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Do you know everything that may be on the circuit with the GFCI?
In other words, when the GFCI trips, can you find any other receptacles that also go "off" anywhere in the home? Or any lights?
Are you comfortable pulling the GFCI from the wall to look at the wires connected?
If you can, do a test. Push the little "test" button the face of the GFCI. Then take a lamp or small appliance around and check all the receptacles to see if any others are OFF. Also, check lights in rooms. If you find anything OFF, make a note and then push the "reset " button the GFCI. Post that information when you are back on line and we will work from that point, thanks
It seems to only be that receptacle. I unplugged the washer, reset the GFCI and plugged a lamp in and it worked. Then I plugged the washer back in and it tripped. It's not that it trips when I start a load of laundry, it trips as soon as I plug the washer in. I don't feel comfortable with taking the receptacle apart. I can, however, and have replaced the wiring from the washer. I have changed out the wires from my washer, from one house to another, and then back again. Do you think it's possible that the problem is in that part? I can take it apart, but unless it's obvious that a wire has come loose, I'm not sure if I will know what I'm looking for.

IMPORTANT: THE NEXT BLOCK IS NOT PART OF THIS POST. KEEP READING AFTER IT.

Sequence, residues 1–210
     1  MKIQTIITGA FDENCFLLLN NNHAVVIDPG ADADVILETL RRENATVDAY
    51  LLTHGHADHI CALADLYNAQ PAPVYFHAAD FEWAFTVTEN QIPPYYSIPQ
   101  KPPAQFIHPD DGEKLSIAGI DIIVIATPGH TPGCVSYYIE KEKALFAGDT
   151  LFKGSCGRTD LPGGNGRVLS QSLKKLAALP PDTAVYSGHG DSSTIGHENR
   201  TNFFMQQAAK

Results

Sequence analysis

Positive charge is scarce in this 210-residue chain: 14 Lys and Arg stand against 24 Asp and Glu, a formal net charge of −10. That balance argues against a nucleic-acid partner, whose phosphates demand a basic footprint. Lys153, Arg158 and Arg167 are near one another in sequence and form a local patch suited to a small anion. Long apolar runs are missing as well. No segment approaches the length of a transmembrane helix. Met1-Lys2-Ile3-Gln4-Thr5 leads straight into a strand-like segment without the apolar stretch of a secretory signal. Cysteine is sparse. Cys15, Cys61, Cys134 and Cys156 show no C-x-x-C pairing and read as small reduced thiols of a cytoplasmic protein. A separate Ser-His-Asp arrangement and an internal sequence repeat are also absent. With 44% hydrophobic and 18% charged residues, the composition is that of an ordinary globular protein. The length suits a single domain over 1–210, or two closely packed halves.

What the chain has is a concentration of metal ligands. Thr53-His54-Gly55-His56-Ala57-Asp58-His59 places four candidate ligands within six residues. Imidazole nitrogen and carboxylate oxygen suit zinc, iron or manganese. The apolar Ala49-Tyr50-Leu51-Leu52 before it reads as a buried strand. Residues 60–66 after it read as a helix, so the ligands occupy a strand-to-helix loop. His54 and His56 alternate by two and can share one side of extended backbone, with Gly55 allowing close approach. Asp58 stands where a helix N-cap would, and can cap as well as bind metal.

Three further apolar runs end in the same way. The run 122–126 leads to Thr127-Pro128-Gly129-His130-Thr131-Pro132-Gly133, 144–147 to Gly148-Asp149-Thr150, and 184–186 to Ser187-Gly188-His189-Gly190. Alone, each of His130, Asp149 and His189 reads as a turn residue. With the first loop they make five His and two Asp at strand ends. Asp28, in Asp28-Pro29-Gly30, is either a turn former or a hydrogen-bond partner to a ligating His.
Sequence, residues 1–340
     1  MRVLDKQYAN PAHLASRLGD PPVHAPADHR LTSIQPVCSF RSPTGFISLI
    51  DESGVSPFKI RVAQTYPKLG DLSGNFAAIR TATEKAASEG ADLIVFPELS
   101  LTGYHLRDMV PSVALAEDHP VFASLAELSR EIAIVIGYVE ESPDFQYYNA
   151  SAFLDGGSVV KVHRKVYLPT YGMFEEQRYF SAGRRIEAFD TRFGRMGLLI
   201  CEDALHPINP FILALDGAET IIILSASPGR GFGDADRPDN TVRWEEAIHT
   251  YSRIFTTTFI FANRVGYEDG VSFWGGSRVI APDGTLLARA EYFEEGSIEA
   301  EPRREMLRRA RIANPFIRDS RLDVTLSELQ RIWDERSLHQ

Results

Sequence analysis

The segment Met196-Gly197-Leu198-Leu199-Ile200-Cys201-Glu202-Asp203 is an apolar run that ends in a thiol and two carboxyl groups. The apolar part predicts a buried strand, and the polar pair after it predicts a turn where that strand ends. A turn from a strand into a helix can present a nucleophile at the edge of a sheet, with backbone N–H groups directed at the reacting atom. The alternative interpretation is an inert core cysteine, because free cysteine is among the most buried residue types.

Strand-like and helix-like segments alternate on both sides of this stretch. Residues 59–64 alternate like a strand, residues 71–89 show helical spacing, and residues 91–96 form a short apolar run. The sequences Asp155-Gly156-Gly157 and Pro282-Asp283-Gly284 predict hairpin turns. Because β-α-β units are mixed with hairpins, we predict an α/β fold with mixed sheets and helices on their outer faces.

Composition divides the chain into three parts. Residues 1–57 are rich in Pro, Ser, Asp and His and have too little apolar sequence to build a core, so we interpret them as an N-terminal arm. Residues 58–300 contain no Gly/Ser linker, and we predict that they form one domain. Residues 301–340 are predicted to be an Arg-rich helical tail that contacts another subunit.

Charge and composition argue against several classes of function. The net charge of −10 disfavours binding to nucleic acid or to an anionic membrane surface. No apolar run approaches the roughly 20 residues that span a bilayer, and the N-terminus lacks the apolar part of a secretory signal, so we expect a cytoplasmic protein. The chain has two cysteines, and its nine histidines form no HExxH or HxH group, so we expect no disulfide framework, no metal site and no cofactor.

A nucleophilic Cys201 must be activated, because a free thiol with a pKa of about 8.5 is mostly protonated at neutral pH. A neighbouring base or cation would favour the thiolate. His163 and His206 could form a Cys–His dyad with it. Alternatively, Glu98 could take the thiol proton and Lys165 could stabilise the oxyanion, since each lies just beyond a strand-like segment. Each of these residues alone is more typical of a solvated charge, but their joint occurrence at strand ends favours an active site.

Ok, thank you for the information. You had posted earlier, that when the washer trips it, you can plug the washer in another location and it works fine to finish washing.
That leads me to believe that the wires have come loose in the GFCI.
This is what I suggest at the moment.
1. Remove the 2 screws that hold the receptacle to the wall and pull the GFCI away from the wall so you can visually see the wires connected.
2. Make sure power is off at the breaker or fuse box
3. Now take your screw driver and tighten all the screws that have wires attached.
4. See if any are loose when you start and post results.
5. If you see any signs of discoloration on the screws, that also can cause issues with a GFCI, so the wires may have to be removed and cleaned with some sandpaper or cut and restripped before putting back on the receptacle.
6. If you are uncomfortable doing any of this, you may want to see if someone you know might assists.
I believe it is a loose connection or the connection has some corrosion and contact is bad.
Only takes a little bit of looseness on a GFCI to trip it out.
Let me know how it goes, thanks
I had a friend come over and we literally took the washer apart, testing each wire harness. After putting everything back together, it didn't trip the GFCI anymore.
We found a stabler underneath, that was detached, so we put that back together. We shook the washer while it was plugged in, and it tripped the GFCI, so it seem like it has a sensor that trips when something jars too hard, and with that stabler detached, maybe the sensor thought it was still jarred. It seems to be fine now, so I'm going to keep my fingers crossed. Thank you very much for your suggestions, and I wanted to post everything that I did, just in case anybody else might have the same luck as me.
Thank you very much.